Renegade Soundwave

Renegade Soundwave have always been known bringing together various styles of club music with guitars to craft their own style, and there new album, “Howyoudoin,” takes it even further.

The LP is the groups most diverse release to date. There’s a few cuts with guitars and almost spoken vocals that are reminciscent of “Bitting My Nails” and “Probably a Robbery.” But there are also smooth, heavily dub infuenced dance tracks.

“There’s a couple of tracks on there that are obviously three-dimensional tracks that are as marketable as marketable can be for us,” admits member Gary Asquith. “There’s a couple of tracks that could go all the way that the people on the radio are prepared to play, a couple of safe tracks. Some of it’s doing those things that you want to do and trying things out and putting the collection of things together in a format that you think is working on the end. We’re not afraid of approaching obscure genres of music which we can find some of hook into.”

Renegade Soundwave is a duo of Asquith and Danny Briottet. There had been a third member but Asquith says he “graciously departed” due to differences of opinion on where the band was heading musically.

Though Renegade Soundwave’s first three releases each came out a year apart, “Howyoudoin” was four years in the making. Many probems arose during recording, like the band having to re-record most of the tracks due to tape hiss problems. In addition, the group was using Mute’s studio, which was in the process of being renovated at the time.

“It’s like waking up in somebody’s bedroom,” says Asquith. “When you go to work in someplace and you go to work in a different environment, the set up is different, things sound different. Even if you have the same desk in a different room it’s going to sound different, the monitoring will be different and there’s miriad of different things that can happen.”

Along with bands such as Pop Will Eat Itself, Renegade Soundwave were pioneers of taking samples and creatvively working them into songs with tradtional instrumentation. But other bands who weren’t so creative have made the laws more strict and sampling more difficult to pull off.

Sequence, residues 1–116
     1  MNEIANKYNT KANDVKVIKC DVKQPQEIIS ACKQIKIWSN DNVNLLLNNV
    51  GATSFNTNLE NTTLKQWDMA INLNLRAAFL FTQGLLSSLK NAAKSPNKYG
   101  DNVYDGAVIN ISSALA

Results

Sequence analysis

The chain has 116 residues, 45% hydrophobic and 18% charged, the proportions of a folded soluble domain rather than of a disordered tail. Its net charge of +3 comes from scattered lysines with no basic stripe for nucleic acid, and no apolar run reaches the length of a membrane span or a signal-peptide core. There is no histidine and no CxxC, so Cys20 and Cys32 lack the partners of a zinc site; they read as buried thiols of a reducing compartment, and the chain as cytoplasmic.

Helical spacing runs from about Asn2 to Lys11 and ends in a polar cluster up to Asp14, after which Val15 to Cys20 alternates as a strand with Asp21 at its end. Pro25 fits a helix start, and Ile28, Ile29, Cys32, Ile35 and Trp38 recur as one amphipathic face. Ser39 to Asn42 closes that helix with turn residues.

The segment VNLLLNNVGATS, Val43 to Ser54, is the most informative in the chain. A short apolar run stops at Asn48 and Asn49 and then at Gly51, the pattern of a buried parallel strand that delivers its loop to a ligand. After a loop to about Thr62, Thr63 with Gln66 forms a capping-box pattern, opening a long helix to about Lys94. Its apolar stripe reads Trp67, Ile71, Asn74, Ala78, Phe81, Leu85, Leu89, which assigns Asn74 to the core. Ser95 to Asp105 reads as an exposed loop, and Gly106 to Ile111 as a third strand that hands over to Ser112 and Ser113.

“It’s not a very wise thing to do, there’s a lot of crap involved,” says Asquith. “You have to clear samples, they’re not always easy things to do and can be time consuming”

When they made their previous albums, laws concerning sampling weren’t as clearly defined, but now it’s at the point where the labels are being very carefull to make sure everything is cleared. Renegade Soundwave have tried to get around this by using musicians to re-create samples they like, but many times it won’t come off sounding right and they will go through the hassle of having the original sample cleared.

“Sometimes it’s not cost effective to do that sort of thing,” says Asquith. “If you’ve got three or four different things going on, and eveyone wants 25% there’s not much left for you at the end.”

Renegade Soundwave’s strong point has always been their ability to take what is going on around them in dance music and work it into their sound. As a result, they have been much in demand as remixers.

While the group has done some performances in the past, they haven’t yet fully adapted Renegade Soundwave to the live setting. That’s changing now, as the group is rehearsing with an additional guitarist, drummer and DJ. Renegade Soundwave have been asked to play some festivels this summer, and hope to also do a full tour and maybe even some live recording.

“With this album, we think we’ve got a much better reperatoire than we’ve had in the past to take out and do live,” explains Asquith.